Mogadishu – Somalia’s youth need to be change-makers and actively take part in politics, reconciliation, peace-building, elections and ongoing efforts to help develop their country – this was the main message stemming from a recent panel discussion which brought together more than 30 youth representing different parts of Somali society.

“A country is saved by its youth. It is the youth who lead in all efforts to bring change, hence it is good for the youth to also participate in politics and to be part of the positive change and development in the country,” the Executive Director of the Somali Youth Civic Organization (SYCO), Abdiwasa Idriss Jelle, said at the gathering, held at a venue in Mogadishu this past Monday.

The event was organized by SYCO, a local non-governmental organization which focuses on youth development and leadership, de-radicalization and livelihoods, with the support of the United Nations Assistance Mission in Somalia (UNSOM). Held on the International Day of Peace, celebrated globally on 21 September, the event was aimed at helping empower Somali youth, and underpinned by the belief that youth who are well-informed and engaged are well-placed to help rebuild and transform their country.

The panel discussion brought together youth representatives from many of Somalia’s different clans and different walks of life, including young professionals, university graduates and students. It was also held in the midst of an exacting panorama for Somalia as it engages in preparations for parliamentary and presidential elections, while also dealing with the social and economic consequences of the ‘triple threat’ posed by floods, the highly infectious COVID-19 pandemic, and locust infestation.

The power of youth

Panellists at the event noted that youth in Somalia form around 70 per cent of the population, and broadly urged them to tap into their numerical strength to mobilize for peace and development – with the role of young women particularly highlighted.

“Since women and youth are history makers in Somalia, and play a role in nation-building, we want them to move forward, because we need them to find solutions to the huge challenges we are facing now as a nation,” an activist representing the Somali National Women’s Organization (SNWO), Bilan Mahamud, said in the discussions.

Looking back to Somalia’s history of women’s involvement in national efforts, Ms. Mahamud encouraged participants to emulate the 13 members of the Somali Youth League, and prominent woman activist Hawo Tako, all of whom played critical roles in the country’s path to independence in the 1950s and 1960s.

“Youth must never back down, but instead they need to come out and develop their country,” she added.

Another panellist, Mohamed Shirie, the director of the multi-sectoral platform Somalia Non-State Actors (SONSA), which brings together non-governmental and community-based organizations, highlighted that the topics under discussion were centred on the unavoidable realities faced by Somali youth.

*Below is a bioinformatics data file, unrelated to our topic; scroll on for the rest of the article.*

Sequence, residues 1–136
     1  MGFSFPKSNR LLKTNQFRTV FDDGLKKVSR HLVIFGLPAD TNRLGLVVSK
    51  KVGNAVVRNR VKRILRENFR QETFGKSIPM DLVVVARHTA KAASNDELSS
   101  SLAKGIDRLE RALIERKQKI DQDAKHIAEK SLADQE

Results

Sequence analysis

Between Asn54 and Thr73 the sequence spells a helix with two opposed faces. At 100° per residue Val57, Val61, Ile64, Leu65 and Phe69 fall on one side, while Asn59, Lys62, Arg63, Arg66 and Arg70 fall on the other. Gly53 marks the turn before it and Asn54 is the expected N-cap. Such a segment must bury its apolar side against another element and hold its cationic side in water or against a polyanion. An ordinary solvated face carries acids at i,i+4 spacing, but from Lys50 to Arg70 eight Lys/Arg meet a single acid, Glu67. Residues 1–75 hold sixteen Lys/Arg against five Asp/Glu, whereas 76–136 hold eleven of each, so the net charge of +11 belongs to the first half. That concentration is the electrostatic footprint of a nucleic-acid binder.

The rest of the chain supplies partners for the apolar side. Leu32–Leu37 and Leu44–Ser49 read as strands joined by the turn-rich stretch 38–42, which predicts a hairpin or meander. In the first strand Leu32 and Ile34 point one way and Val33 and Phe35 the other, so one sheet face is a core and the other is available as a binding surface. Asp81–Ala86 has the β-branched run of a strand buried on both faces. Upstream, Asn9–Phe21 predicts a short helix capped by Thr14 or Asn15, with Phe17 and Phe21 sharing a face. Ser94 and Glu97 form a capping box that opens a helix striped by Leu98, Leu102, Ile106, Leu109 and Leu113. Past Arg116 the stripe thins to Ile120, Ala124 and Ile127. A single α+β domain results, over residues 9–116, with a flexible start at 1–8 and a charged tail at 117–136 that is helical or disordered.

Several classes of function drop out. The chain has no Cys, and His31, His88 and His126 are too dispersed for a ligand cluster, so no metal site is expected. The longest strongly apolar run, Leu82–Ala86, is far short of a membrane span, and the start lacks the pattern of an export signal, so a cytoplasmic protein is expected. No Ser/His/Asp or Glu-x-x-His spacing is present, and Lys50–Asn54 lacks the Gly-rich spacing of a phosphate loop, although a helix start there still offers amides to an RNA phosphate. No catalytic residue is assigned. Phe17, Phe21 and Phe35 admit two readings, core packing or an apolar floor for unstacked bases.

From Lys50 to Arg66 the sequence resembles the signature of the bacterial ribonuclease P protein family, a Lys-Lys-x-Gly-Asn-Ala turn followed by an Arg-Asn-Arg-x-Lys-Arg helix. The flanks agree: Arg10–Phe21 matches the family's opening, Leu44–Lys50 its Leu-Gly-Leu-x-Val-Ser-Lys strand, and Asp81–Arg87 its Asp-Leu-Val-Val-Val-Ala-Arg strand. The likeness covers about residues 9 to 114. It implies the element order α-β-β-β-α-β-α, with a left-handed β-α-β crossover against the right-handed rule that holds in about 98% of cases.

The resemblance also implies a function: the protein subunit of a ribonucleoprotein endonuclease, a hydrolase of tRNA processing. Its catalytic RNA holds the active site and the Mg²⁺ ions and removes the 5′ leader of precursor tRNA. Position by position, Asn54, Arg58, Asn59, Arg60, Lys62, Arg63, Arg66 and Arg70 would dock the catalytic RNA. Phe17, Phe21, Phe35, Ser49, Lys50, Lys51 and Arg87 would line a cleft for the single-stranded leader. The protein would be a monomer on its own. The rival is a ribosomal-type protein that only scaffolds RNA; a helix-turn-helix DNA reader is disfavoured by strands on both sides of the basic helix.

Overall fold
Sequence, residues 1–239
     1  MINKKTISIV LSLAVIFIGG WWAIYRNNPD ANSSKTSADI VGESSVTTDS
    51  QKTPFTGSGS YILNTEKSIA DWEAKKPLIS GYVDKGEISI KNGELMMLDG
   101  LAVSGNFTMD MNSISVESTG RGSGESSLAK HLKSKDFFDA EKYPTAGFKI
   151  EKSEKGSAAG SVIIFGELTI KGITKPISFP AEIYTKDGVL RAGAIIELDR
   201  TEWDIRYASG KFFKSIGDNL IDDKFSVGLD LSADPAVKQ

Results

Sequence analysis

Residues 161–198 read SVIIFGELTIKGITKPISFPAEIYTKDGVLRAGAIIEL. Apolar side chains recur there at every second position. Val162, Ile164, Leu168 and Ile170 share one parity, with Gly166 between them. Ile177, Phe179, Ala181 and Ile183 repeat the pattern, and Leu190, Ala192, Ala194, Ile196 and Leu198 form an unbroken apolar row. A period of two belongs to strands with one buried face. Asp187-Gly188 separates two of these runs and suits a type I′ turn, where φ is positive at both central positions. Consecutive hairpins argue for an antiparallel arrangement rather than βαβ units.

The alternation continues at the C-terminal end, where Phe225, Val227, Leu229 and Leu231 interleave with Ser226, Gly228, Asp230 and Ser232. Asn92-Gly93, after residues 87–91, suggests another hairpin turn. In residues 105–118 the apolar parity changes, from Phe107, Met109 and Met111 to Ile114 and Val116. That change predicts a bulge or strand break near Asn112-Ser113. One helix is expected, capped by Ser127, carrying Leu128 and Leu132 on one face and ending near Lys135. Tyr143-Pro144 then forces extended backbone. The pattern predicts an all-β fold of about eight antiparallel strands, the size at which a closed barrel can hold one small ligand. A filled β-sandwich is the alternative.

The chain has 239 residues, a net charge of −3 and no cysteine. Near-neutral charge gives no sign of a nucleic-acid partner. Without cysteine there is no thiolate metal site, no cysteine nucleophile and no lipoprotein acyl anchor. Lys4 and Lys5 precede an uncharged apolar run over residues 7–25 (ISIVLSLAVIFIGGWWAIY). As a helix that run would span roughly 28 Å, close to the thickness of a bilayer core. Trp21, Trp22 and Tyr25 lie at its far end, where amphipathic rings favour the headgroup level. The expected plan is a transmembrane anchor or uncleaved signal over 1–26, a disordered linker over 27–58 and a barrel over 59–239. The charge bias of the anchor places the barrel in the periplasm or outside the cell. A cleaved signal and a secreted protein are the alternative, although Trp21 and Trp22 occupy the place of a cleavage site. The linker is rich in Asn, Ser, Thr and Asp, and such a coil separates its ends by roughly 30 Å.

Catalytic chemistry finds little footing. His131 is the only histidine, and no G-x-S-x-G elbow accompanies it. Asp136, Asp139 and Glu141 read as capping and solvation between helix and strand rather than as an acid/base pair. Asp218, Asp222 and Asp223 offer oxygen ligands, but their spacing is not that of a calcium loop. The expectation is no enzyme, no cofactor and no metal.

“Our country is reeling from years of conflict and many challenges, and hence we need to motivate youth to actively take part in politics, the upcoming elections and reconciliation efforts,” said Mr. Shirie.

Youth and peace-building

Some attendees said that being able to take part in the discussions helped flesh out their thinking, and motivate them to vie for slots in the upcoming parliamentary elections as well as be more involved in community matters.

Noting the need to have youth avoid becoming radicalized, one participant, Abdiaziz Mahamud Aidid, compared youth to a double-edged sword in that they can be used for both good and bad purposes – and stressed the need for youth to be catalysts of positive change.

“Today, the Somali youth have a huge opportunity to take part in nation-building, to bring political change through the upcoming elections and to take an active role in rebuilding their country,” said Mr. Aidid.

“I have learnt the importance of youth in peacebuilding and I am now motivated to take part in politics and peace-building. I also have realized how valuable I am as a youth to the community,” said another attendee, Fatuma Abdullahi Mahamud.

The UN Security Council has highlighted, through resolutions 2250, 2419, and 2535, the key role that young people can play in conflict prevention, conflict resolution, peace-building and sustaining peace, as well as the importance of facilitating youth participation and leadership in these areas, as well as the importance of facilitating youth participation spaces.

At a recent Council meeting on youth, peace and security, the UN Under-Secretary-General for Political and Peacebuilding Affairs, Rosemary DiCarlo, emphasized that the involvement of youth in peace initiatives is a must.

“We must build on the fact that the active participation and inclusion of young people in political processes in peace-building is no longer viewed as optional or as an afterthought. It has rightly become one of the cornerstones of the sustaining peace agenda,” said Ms. DiCarlo.